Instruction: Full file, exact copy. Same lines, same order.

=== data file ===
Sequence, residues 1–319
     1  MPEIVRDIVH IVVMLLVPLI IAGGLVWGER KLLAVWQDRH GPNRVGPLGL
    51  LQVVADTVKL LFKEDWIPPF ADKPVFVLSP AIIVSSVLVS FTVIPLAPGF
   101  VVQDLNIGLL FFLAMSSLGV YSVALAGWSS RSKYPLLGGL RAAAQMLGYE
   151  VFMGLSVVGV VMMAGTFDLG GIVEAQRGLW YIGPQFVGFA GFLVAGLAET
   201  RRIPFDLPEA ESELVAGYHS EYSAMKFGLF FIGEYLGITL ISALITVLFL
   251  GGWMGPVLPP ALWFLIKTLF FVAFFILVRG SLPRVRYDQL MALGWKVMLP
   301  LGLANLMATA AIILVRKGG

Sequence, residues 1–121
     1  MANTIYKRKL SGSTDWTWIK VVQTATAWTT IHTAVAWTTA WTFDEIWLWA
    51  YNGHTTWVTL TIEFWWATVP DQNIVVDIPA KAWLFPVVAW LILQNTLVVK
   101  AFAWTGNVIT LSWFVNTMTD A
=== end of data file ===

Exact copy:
Sequence, residues 1–319
     1  MPEIVRDIVH IVVMLLVPLI IAGGLVWGER KLLAVWQDRH GPNRVGPLGL
    51  LQVVADTVKL LFKEDWIPPF ADKPVFVLSP AIIVSSVLVS FTVIPLAPGF
   101  VVQDLNIGLL FFLAMSSLGV YSVALAGWSS RSKYPLLGGL RAAAQMLGYE
   151  VFMGLSVVGV VMMAGTFDLG GIVEAQRGLW YIGPQFVGFA GFLVAGLAET
   201  RRIPFDLPEA ESELVAGYHS EYSAMKFGLF FIGEYLGITL ISALITVLFL
   251  GGWMGPVLPP ALWFLIKTLF FVAFFILVRG SLPRVRYDQL MALGWKVMLP
   301  LGLANLMATA AIILVRKGG

Sequence, residues 1–121
     1  MANTIYKRKL SGSTDWTWIK VVQTATAWTT IHTAVAWTTA WTFDEIWLWA
    51  YNGHTTWVTL TIEFWWATVP DQNIVVDIPA KAWLFPVVAW LILQNTLVVK
   101  AFAWTGNVIT LSWFVNTMTD A